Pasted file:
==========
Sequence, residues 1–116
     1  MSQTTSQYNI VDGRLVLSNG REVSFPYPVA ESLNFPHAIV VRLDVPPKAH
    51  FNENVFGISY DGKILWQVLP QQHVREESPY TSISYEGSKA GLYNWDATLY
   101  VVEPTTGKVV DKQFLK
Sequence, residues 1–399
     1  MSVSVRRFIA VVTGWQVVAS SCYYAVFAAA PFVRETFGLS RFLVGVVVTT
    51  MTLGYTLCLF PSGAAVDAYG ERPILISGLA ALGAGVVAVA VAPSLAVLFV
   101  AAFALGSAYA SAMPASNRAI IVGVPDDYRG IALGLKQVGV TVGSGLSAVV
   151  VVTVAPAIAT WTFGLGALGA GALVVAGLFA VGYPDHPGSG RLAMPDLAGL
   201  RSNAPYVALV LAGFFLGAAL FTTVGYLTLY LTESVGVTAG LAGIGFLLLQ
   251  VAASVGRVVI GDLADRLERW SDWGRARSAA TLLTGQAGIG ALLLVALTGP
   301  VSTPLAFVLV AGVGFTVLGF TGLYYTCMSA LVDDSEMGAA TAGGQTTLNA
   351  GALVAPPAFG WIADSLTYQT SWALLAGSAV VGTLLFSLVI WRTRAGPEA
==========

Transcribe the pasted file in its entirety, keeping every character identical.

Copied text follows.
Sequence, residues 1–116
     1  MSQTTSQYNI VDGRLVLSNG REVSFPYPVA ESLNFPHAIV VRLDVPPKAH
    51  FNENVFGISY DGKILWQVLP QQHVREESPY TSISYEGSKA GLYNWDATLY
   101  VVEPTTGKVV DKQFLK
Sequence, residues 1–399
     1  MSVSVRRFIA VVTGWQVVAS SCYYAVFAAA PFVRETFGLS RFLVGVVVTT
    51  MTLGYTLCLF PSGAAVDAYG ERPILISGLA ALGAGVVAVA VAPSLAVLFV
   101  AAFALGSAYA SAMPASNRAI IVGVPDDYRG IALGLKQVGV TVGSGLSAVV
   151  VVTVAPAIAT WTFGLGALGA GALVVAGLFA VGYPDHPGSG RLAMPDLAGL
   201  RSNAPYVALV LAGFFLGAAL FTTVGYLTLY LTESVGVTAG LAGIGFLLLQ
   251  VAASVGRVVI GDLADRLERW SDWGRARSAA TLLTGQAGIG ALLLVALTGP
   301  VSTPLAFVLV AGVGFTVLGF TGLYYTCMSA LVDDSEMGAA TAGGQTTLNA
   351  GALVAPPAFG WIADSLTYQT SWALLAGSAV VGTLLFSLVI WRTRAGPEA